Fact and fic­tion merge on Street

The Guardian Weekly - - Reply -

Six­teen mil­lion view­ers are per­ma­nently hooked on Coro­na­tion Street. To many of them, it was Len Fair­clough, the Street’s beer-swill­ing builder, more than the ac­tor Pe­ter Adam­son who was cleared of in­de­cent as­sault charges at Burn­ley Crown Court this week. Were it not so, the case would have rated no more than a few para­graphs in the lo­cal pa­per.

The court has con­cluded its busi­ness but the story con­tin­ues. Will Len ever ap­pear in the Street again? Would he re­ally have taken his life had the ver­dict gone against him?

Dur­ing its 22-year run, the twice­weekly soap – de­scribed by Sir John Bet­je­man as “the Pick­wick Pa­pers of tele­vi­sion” – has prob­a­bly filled more news­pa­per col­umns than any other pro­gramme with sto­ries in which fact and fic­tion are in­dis­tin­guish­able.

The pri­vate lives of the ac­tors – of­ten more dra­matic than any­thing the scriptwrit­ers could dream up – are sel­dom out of the Sun­day pa­pers. Their mar­riages and deaths be­come front-page news. Pri­vate rows be­come pub­lic quar­rels as per­son­al­i­ties crack un­der the strain of los­ing pri­vacy for about £600 a week. “We live our lives in a gold­fish bowl,” com­plained Pat Phoenix, who plays the volup­tuous Elsie Tan­ner and has had more than her fair share of head­lines and per­sonal tribu­la­tions.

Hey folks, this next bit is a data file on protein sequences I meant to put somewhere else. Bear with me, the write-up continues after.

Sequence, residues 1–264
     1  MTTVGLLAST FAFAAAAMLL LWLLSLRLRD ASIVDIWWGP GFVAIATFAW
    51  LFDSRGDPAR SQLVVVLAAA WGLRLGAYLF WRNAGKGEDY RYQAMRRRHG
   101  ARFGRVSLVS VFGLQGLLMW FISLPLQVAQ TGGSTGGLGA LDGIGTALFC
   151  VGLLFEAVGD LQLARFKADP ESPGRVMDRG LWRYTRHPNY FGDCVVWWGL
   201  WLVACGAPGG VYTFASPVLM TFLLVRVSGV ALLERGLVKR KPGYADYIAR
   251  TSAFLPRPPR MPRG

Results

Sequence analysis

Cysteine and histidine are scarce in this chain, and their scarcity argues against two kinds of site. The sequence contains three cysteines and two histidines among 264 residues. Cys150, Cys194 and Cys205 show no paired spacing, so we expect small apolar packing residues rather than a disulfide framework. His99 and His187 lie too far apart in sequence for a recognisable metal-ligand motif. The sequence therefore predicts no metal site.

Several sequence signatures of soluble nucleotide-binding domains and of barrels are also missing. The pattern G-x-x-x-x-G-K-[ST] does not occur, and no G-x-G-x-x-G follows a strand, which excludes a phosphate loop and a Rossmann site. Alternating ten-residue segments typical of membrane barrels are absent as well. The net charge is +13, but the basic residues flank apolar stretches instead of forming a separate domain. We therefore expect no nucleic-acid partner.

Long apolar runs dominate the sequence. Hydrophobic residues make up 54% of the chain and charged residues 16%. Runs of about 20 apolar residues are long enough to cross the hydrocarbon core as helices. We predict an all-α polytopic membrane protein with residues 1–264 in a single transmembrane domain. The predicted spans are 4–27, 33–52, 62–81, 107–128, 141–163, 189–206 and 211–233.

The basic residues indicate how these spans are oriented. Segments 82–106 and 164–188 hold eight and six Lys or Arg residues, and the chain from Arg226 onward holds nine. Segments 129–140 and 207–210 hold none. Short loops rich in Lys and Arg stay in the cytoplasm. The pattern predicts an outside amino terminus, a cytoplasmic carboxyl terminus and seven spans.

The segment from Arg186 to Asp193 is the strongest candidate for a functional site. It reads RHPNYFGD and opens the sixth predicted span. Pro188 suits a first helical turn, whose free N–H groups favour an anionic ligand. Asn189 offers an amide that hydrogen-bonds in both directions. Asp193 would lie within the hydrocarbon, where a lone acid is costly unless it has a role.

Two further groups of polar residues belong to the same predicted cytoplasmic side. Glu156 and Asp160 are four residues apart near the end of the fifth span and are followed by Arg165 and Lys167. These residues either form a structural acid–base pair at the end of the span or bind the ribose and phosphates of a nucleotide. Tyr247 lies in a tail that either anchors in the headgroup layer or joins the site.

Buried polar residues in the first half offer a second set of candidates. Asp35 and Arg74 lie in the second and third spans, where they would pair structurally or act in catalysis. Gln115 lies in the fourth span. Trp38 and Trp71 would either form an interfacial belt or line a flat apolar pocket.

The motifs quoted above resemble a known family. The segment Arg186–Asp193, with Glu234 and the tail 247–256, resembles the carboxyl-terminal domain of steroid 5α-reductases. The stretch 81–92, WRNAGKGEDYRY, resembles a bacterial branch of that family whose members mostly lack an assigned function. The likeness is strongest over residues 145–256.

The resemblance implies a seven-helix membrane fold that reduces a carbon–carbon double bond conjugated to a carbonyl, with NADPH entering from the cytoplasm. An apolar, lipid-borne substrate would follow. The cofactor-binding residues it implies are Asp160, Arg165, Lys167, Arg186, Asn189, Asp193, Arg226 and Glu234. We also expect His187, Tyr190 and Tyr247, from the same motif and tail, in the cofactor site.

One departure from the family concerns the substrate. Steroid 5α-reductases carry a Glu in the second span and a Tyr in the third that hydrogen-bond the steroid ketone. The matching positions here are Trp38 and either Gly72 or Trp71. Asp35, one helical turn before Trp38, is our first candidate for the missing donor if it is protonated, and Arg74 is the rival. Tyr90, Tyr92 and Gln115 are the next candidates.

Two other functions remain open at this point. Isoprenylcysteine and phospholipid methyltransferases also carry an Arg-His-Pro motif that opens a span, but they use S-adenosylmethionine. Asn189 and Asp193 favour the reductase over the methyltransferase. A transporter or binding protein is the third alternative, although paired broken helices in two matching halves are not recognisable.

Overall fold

Granada in­sists that the ac­tors’ pri­vate lives are their own af­fair, but can hardly avoid get­ting in­volved when the me­dia de­cide oth­er­wise. Nor can it pre­tend that Coro­na­tion Street is just like any other show when the set has be­come a tourist at­trac­tion wor­thy of vis­its by such as the Queen, the Poet Lau­re­ate, and Dustin Hoff­man.

The names of the cast may have been taken at ran­dom from tomb­stones in a Sal­ford ceme­tery, but their do­ings on screen are more real than real. This was never more ev­i­dent than dur­ing the Ken-DeirdreMike saga when Deirdre Barlow con­tem­plated leav­ing her hus­band for Mike Bald­win.

News­pa­pers con­sulted psy­chi­a­trists, mar­riage coun­sel­lors, com­put­ers and agony aunts. Even the par­son on the To­day pro­gramme seemed to won­der if Ken and Deirdre were real peo­ple. In the end, Deirdre took the hon­ourable course and chose to re­main with stodgy Ken. Be­cause, as Granada says, “Coro­na­tion Street is the top TV show partly be­cause it shuns sex and vi­o­lence. We tread war­ily.” James Lewis

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